Nioh needed to be released. Now I don't say that as a hyperbolic proclamation of what we've been missing. No, Nioh needed to be released because From Software, the developers of Dark Souls and Bloodborne, were the only development studio currently making this style of game.
Okay, there was Lords of the Fallen, however, I feel that the failings of that game are due to the fact that it was an attempt at making Dark Souls again. Sadly, in addition to being derivative it was also a lesser version, bringing nothing new to the table, and failing at the established elements.
This is where Nioh comes in. It takes the now well-established 'Souls' formula, places it in a new setting, and adjusts the gameplay accordingly. Dark Souls was firmly Western fantasy through Eastern eyes. As such, you're stomping around in heavy armour fighting dragons (though this is a dismissive generalisation), so the combat is slower and heavier. Nioh, by contrast, is set in ancient Japan. Now you're quick on your feet with lighter weapons fighting samurai and demons (or Oni).
The setting and gameplay inform each other; one does not change without the other, which is why Nioh needed to be released. It has created competition. Not by duplication, but by adaptation and evolution. This alone speaks volumes about Nioh's strengths. Its similarities to the 'Souls' series are intriguing, but its differences allow it to stand on its own.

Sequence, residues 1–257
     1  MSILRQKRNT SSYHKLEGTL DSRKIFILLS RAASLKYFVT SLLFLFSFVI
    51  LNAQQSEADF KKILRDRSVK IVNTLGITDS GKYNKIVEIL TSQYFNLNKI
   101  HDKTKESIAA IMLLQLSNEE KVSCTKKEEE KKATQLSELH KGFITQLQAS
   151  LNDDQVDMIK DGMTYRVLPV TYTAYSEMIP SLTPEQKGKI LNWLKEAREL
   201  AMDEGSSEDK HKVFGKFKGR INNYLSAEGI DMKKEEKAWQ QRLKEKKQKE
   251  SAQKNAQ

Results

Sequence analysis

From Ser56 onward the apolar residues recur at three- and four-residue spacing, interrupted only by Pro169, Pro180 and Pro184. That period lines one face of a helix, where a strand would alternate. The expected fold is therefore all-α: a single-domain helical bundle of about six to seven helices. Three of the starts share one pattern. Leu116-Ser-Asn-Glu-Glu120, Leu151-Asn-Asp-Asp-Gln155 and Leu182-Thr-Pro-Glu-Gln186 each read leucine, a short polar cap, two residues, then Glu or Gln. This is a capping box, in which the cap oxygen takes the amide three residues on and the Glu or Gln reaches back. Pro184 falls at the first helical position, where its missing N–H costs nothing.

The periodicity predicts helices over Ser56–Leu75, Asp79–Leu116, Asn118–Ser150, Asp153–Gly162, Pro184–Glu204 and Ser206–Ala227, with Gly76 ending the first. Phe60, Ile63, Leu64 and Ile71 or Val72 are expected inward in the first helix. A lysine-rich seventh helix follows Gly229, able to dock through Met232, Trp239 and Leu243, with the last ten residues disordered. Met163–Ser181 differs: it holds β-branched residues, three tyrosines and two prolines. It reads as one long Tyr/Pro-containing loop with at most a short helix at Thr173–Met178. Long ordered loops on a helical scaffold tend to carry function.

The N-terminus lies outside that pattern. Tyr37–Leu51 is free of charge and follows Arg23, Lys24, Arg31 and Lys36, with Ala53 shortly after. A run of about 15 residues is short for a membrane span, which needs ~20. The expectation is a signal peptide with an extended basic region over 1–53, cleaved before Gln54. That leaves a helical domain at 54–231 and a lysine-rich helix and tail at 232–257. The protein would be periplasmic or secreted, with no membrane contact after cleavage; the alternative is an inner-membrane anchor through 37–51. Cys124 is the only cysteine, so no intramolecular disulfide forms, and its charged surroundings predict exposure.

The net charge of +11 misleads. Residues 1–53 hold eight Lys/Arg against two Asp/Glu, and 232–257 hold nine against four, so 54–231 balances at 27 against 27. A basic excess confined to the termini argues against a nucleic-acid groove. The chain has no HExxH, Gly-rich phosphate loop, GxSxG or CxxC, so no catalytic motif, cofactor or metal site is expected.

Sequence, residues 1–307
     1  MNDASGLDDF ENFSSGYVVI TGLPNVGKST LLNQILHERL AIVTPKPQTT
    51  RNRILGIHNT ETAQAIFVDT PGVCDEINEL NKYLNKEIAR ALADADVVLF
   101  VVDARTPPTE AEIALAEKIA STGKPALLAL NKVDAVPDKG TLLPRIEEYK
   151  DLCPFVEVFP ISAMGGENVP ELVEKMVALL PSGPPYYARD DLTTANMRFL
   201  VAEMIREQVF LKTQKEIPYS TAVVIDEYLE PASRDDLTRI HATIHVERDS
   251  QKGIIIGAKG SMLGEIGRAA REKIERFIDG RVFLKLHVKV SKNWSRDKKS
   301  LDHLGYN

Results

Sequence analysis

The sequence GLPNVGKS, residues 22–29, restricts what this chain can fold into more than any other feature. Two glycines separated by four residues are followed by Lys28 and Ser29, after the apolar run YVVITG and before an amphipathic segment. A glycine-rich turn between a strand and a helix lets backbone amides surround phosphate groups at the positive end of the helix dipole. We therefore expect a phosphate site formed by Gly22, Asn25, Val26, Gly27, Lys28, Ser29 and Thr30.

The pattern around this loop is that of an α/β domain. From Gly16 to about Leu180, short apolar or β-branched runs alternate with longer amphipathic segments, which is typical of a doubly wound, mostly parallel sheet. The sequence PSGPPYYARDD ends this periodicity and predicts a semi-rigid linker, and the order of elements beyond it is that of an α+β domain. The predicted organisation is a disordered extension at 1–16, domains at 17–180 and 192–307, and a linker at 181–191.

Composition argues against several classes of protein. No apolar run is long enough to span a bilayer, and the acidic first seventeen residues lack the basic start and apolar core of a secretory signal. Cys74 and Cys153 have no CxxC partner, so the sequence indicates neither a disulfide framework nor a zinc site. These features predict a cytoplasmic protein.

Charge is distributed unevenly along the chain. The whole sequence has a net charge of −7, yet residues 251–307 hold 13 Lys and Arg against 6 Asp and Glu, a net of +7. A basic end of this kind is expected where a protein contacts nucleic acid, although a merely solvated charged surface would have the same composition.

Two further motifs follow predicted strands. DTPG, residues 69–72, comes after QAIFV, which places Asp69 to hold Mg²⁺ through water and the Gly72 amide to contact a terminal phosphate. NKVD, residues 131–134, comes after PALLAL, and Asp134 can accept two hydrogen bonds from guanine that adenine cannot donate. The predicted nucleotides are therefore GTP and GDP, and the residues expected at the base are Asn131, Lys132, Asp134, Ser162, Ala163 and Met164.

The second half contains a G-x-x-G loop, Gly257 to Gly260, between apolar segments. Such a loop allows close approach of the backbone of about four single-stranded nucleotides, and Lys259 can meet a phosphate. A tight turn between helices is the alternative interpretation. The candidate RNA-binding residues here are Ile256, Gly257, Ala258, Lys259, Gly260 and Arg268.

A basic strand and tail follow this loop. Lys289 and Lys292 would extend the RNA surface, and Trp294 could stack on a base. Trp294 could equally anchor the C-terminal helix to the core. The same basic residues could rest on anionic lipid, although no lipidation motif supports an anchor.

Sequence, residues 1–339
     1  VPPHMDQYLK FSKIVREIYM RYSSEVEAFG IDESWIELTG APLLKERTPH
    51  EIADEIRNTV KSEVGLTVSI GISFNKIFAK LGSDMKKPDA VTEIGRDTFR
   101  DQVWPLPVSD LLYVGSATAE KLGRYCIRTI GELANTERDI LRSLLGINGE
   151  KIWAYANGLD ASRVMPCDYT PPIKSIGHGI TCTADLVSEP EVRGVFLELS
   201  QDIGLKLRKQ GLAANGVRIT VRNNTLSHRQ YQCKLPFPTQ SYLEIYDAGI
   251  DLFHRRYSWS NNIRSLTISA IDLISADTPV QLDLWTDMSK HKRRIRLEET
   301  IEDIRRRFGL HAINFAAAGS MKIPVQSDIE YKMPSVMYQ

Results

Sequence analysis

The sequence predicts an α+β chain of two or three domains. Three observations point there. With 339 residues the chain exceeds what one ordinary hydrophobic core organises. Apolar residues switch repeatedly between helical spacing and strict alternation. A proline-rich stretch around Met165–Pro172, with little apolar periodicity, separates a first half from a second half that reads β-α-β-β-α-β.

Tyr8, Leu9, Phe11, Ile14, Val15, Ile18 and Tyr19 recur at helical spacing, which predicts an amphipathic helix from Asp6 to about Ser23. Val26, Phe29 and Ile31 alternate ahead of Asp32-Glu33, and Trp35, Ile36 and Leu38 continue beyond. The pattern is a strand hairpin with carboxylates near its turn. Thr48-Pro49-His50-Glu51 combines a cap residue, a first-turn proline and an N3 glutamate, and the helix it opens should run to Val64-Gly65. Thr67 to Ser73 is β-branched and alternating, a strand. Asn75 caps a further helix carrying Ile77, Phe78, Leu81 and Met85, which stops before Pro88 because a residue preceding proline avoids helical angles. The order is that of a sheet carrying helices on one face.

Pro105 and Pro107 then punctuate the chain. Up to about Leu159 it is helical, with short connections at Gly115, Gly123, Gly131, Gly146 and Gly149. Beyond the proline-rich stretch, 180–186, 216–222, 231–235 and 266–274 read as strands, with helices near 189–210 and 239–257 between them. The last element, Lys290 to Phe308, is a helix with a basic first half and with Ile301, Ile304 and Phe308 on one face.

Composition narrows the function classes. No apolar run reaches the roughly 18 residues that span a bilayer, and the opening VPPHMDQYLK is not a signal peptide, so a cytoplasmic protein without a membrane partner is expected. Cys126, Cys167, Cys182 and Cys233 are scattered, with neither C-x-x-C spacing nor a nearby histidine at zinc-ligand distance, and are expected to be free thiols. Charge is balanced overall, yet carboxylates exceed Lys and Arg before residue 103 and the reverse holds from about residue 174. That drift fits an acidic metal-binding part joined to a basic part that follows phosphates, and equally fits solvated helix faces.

The most engaging mechanic is the stamina management. Despite stamina being a crucial aspect of combat is nothing new, Nioh manages to base the entire game around it. When your stamina depletes... you can't move. This is about as devastating as it sounds. However, this isn't the only problem you need to keep an eye on. As your stamina depletes, a meter will appear. Hit R1 at the correct time and this meter will refill with stamina, giving you the opportunity to continue fighting in that moment. The enemies follow the same rules, though. Their stamina will deplete just the same as yours, thereby providing select opportunities to strike.
Honestly, these stamina mechanics combined with the fast, visceral combat are reason enough to recommend Nioh. Even then, you also have the wonderfully contained level design (with plenty of shortcuts and bypasses to discover), ancient Japanese architecture and folkloric creatures, all realised within a striking, colourful art-style.
Nioh needed to be released. There needed to be competition to push this style of game forward; to allow it to evolve. But maybe - to go back on my words - it really did need to be released because of what we've been missing.
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